U.S. Dollar
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Stocks and Bonds Cheer as the U.S. Dollar Sinks After Shock ISM Data

By:Ilya Spivak

While the dollar took a beating after a shock miss on U.S. service-sector data, stocks and bonds recover

  • Financial markets scramble after shocking services ISM data.
  • Stocks and bonds recover as the U.S. dollar takes a beating.
  • Fed Chair Powell reiterates that rate cuts are likely in 2024.

The U.S. service sector stumbled in March, sounding alarms about the health of the world’s largest economy and validating cautious comments from Federal Reserve Chair Jerome Powell.

The Institute of Supply Management (ISM) unexpectedly reported that last month, services activity growth slowed to the weakest since December. The release marked a stark contrast with the companion manufacturing report published earlier in the week, which beat expectations by a considerable margin.

Markets swing sharply after services ISM shock

Signs of deceleration permeated the data set. New orders grew at the slowest in three months, echoing the headline figure. Prices grew at the slowest rate since March 2020, the low marked amid the early months of the COVID-19 pandemic. Employment contracted for a second consecutive month.

ISM economic activity surveys
Source: ISM

Financial markets raced to respond after the survey crossed the wires.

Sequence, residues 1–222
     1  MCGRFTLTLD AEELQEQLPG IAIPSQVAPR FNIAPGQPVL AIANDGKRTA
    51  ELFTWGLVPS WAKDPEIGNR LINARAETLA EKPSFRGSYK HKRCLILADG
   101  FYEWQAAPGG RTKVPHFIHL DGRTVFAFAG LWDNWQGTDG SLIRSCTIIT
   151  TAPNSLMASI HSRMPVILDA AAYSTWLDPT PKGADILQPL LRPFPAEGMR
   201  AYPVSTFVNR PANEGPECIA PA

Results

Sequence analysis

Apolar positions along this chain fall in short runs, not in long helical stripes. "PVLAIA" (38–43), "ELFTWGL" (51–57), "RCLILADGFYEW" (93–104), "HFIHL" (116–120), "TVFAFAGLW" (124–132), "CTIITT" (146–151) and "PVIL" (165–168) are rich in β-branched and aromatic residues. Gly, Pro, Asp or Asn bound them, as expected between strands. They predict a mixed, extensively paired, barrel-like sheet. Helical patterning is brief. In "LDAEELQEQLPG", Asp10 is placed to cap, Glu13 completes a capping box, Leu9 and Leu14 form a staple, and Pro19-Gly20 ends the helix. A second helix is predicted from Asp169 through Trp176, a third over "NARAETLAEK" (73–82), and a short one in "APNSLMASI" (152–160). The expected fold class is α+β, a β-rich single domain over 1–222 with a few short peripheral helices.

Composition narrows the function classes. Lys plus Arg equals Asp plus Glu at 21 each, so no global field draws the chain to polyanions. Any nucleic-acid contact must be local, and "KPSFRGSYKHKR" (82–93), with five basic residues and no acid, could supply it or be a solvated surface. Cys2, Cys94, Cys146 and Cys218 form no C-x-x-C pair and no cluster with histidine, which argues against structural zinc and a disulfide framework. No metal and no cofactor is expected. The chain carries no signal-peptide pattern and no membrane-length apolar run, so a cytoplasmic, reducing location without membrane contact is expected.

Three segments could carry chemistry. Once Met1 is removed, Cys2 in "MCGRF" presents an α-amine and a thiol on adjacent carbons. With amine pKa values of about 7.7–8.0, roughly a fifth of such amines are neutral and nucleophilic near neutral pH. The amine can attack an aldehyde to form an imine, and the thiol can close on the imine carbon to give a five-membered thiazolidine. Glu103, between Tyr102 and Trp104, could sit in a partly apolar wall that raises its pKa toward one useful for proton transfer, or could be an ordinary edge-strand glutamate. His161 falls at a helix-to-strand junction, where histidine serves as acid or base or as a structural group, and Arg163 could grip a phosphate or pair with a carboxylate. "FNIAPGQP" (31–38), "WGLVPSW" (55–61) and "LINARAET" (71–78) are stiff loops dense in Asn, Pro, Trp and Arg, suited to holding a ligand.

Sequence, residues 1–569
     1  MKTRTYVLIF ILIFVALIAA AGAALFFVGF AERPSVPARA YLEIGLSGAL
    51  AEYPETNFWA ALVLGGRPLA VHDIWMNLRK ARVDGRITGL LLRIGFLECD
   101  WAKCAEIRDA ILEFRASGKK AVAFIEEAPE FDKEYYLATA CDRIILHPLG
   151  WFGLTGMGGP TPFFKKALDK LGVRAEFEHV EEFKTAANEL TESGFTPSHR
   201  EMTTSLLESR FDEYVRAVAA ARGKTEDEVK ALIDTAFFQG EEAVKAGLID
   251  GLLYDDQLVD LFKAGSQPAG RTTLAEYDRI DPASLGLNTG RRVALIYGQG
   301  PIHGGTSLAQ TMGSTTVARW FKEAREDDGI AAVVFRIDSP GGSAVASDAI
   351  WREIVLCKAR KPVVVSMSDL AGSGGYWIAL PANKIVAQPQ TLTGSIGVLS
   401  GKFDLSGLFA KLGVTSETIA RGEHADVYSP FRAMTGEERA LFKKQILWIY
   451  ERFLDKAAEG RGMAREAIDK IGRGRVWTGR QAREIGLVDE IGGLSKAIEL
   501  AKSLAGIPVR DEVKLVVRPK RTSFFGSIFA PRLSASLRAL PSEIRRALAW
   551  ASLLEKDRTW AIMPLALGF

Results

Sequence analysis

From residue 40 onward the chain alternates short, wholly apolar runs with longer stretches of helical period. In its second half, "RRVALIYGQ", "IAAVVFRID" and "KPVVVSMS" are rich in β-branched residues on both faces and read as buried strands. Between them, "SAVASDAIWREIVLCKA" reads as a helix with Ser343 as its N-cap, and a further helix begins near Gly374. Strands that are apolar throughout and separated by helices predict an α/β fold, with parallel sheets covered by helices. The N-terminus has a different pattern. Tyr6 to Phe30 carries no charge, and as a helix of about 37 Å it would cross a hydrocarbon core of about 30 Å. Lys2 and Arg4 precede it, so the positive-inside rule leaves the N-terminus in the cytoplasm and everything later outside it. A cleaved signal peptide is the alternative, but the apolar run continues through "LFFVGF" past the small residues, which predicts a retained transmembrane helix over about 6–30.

Treasury bonds roared higher across maturities, erasing intraday losses. Gains were tilted to favor longer-dated paper, with the 10-year note futures (ZN) up 0.5% and the 30-year contract (ZB) up 0.9% from their session lows. Gold prices turned an intraday loss into the eighth consecutive day of gains.

The response was a bit more muted in stock markets. Futures tracking the bellwether S&P 500 (ES) were trading with an intraday loss before the data arrived and managed to erase it thereafter, but cumulative gains look meager at less than 0.2% as the closing bell approaches. The U.S. dollar tumbled, shedding 0.6% on average against its major peers.

Chair Powell reiterates Fed call for rate cuts in 2024

Speaking about the U.S. economic outlook at an event in Stanford, California just two hours after the release, Powell said monetary policy is tight and warned that it is too soon to tell if recently elevated price growth readings were anything more than a temporary bump on the road to disinflation.

The comments seemed to reinforce Fed officials’ belief that lowering interest rates this year remains the likely course of action. The central bank stuck to its call for three 25-basis-point (bps) cuts this year when it updated official projections last month, despite a run of upbeat data that had markets speculating about a reduction in stimulus expectations.

As it stands, fed funds futures are pricing in 61 bps in easing for 2024. That amounts to two standard-sized 25 bps reductions and a narrowly better-than-even 56% probability of a third one. This marks a slightly dovish adjustment from the 57 bps that markets were anticipating at the start of the week.

Futures-implied 2024 fed outlook vs. S&P 500
Source: CME

Ilya Spivak, tastylive head of global macro, has 15 years of experience in trading strategy, and he specializes in identifying thematic moves in currencies, commodities, interest rates and equities. He hosts Macro Money and co-hosts Overtime, Monday-Thursday. @Ilyaspivak

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